Calling a Legend
Once, science teacher Alice Davis’s students thought about buying her a “take-a-number” dispenser to accommodate the long line waiting to see her after class. Generations of OPCs credit her with instilling their love of science. And when the school revealed recently that she had won national recognition for excellence in teaching, the announcement called her a “legend.” But Davis never meant to become a teacher.
In fact, when her mother “made” her go to a meeting of Future Teachers of America, she was “so embarrassed. I thought it was the nerdiest thing in the world.” She never saw teaching as her calling. In fact, she came to teaching through a side door many years later at an age some might call late in life for such a career move. But from today’s vantage point, the story of Alice Davis’s path to becoming a teaching exemplar has destiny written all over it.
When affection and nostalgia creep in, alumni and students alike will use a word like “legend.” However, at the heart of Alice Davis’s reputation are extraordinary results rather than mere sentiment. Davis teaches one of the toughest courses taught in any high school: AP Chemistry. While teaching the identical curriculum presented by thousands of other AP Chemistry teachers, Davis’s students uniformly earn the highest scores on the national test’s 5-point scale. Not just her top students, but the majority of her students. Such consistent success earned Davis her recent national honor as one of only 18 teachers to win the 2004-2005 Siemens Award for Advanced Placement, a commendation given annually by the global engineering and electronics company. A full-page ad in USA Today congratulated Davis and the other teachers.
Davis attributes her success to iconoclastic methods: She teaches without tests and without grades. Rather than testing students, she gives them take-home assignments on which they can use any resource materials they want, except another person. She grades these assignments through comments and a point system that shows students how far they are from a correct and complete answer. “Students come to my classes only understanding grades as a measure of success. They think an A is excellent. Not necessarily,” she said. Davis sees many smart students who have perfected the art of answering questions in a single word. “But there is no probing. What is dynamic and thrilling for me is when they get to be thinkers. When they understand that thinking isn’t a ‘Me Jane, you Tarzan’ response but a thoughtful logical process.” No matter what the subject is, she believes one of the important dynamics of teaching is to demonstrate thinking. “You do that by rolling into cul de sacs, making a mistake, coming back out, and heading off in another direction.”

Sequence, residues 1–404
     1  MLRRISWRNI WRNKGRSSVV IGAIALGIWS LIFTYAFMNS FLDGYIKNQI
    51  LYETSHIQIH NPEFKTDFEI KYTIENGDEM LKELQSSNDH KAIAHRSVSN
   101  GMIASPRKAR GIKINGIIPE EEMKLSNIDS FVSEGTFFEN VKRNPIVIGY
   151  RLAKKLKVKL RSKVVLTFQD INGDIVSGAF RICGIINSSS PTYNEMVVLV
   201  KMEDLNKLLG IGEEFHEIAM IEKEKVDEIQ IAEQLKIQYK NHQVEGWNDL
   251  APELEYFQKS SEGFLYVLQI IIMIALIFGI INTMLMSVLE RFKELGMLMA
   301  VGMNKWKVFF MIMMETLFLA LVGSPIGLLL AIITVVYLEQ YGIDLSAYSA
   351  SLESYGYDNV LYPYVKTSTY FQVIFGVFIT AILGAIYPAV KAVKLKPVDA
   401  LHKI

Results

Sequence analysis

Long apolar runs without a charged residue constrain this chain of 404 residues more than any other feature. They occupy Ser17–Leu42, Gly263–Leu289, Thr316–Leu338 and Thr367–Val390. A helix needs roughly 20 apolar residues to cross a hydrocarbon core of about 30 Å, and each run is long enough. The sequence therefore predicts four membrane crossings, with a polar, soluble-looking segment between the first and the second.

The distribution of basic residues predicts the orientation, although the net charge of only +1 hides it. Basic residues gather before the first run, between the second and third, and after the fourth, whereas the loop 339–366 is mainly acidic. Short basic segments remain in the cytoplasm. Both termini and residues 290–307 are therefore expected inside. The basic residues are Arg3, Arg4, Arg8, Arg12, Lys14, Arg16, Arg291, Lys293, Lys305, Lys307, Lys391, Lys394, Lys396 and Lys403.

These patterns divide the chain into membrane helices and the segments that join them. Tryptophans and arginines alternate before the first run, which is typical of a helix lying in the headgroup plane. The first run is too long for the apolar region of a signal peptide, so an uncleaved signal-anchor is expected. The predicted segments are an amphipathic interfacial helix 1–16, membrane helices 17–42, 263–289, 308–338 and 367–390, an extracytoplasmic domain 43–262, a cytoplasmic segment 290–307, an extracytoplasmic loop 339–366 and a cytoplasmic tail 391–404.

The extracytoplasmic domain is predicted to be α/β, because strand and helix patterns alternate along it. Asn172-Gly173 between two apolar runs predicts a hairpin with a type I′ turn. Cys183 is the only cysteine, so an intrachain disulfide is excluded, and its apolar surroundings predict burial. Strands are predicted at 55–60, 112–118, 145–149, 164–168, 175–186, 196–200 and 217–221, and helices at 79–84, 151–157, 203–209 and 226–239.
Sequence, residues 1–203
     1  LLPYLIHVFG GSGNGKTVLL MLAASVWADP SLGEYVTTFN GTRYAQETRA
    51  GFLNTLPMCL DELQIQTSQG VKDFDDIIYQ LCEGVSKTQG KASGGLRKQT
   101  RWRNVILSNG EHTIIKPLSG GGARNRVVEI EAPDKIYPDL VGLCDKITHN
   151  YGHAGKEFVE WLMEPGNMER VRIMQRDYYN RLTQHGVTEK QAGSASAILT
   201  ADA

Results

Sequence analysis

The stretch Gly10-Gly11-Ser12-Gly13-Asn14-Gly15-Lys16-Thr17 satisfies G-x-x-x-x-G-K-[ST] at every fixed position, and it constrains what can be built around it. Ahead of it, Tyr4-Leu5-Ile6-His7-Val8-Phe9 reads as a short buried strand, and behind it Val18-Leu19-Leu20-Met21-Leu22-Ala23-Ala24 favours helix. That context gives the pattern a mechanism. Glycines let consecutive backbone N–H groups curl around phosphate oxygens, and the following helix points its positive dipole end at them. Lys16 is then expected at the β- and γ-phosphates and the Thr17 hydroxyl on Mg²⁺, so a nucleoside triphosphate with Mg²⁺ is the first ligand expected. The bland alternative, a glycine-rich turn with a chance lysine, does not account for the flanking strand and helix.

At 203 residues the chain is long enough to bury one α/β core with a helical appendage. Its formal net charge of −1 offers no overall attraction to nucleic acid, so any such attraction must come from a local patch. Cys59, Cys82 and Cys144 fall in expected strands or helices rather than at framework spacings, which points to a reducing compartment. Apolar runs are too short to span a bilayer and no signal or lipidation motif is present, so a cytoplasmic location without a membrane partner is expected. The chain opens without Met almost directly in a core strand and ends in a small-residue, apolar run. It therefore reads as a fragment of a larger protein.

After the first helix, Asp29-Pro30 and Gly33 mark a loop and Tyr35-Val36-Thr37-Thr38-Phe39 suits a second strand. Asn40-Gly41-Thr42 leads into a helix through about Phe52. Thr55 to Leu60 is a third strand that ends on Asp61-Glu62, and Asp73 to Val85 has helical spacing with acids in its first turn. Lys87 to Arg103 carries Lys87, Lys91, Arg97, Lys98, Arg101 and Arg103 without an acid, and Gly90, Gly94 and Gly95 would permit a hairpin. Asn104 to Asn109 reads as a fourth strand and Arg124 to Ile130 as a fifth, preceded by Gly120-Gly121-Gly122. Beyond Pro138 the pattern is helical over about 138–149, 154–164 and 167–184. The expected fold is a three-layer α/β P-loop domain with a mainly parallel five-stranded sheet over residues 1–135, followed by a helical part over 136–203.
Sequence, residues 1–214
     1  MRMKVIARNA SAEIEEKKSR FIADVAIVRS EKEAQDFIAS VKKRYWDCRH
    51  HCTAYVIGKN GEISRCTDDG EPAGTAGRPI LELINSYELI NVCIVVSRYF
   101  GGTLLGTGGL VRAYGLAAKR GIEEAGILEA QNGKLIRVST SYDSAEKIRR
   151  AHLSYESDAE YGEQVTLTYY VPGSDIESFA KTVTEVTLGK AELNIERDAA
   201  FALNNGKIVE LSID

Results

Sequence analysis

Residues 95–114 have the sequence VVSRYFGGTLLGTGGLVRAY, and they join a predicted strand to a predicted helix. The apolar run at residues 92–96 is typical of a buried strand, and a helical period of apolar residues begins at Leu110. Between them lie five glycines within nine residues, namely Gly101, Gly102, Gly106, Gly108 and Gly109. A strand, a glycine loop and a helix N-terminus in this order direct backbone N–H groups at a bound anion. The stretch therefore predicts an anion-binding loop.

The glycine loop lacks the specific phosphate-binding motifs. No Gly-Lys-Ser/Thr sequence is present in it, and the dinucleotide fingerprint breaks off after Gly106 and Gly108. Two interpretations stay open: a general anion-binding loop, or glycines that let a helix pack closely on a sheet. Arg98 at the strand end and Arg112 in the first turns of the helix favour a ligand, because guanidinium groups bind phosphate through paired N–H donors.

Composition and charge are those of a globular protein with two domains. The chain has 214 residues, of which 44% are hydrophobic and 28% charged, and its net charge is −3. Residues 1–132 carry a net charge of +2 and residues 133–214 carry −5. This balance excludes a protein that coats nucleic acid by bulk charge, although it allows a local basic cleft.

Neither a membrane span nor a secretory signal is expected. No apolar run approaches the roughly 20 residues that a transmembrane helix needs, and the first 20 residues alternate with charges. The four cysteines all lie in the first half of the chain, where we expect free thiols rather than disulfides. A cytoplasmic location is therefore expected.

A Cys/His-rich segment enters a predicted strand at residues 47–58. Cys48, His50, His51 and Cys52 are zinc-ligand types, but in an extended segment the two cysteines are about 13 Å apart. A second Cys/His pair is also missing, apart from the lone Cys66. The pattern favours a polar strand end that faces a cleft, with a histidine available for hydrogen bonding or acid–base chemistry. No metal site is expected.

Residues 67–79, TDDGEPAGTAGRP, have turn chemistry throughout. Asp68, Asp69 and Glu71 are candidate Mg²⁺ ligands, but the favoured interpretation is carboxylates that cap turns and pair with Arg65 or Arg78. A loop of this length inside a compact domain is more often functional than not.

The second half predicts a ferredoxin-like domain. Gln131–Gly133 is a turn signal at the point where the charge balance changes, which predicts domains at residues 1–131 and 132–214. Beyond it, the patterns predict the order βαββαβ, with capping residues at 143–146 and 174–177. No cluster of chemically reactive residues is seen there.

Because students need practice at making these mental forays, take-home assignments and essays are as rewriteable as a student wishes. “You just keep doing it again and again until you get it right,” said Princeton sophomore Ashley Soloff OPC ’03. “It was the hardest class I’ve taken by far, but you come out of the class and you know chemistry.”
Davis’s students ask her if she ever gets bored teaching the same thing over and over again. “Absolutely not,” she says. Davis finds that so many things happen in the classroom of paramount interest to her: How do students learn abstract things? How do they get excitement out of math in the same way that they would get excitement out of music or literature? She says the teaching dynamic in her classroom is “constantly pulsing” as she tries to figure out what will work for her students – what analogy, what Socratic series of questions will get them to the “ah-ha, I get it” moment. “One of the most exciting things is to be teaching something like quantum mechanics where there is nothing palpable and the thoughts are all very counterintuitive and to have them see the logic of it. Then the most important thing for them to do is to speak about it, because they can’t own it if they don’t talk about it.” In her seminar-style lab-classroom you will hear her asking students to speak to her as a fellow scientist. “What’s the energy term? Put a term in here so we can talk to each other,” she tells them. And at another juncture when students casually call out conflicting possibilities, Davis replies, “This is not voting. We don’t vote for nature.”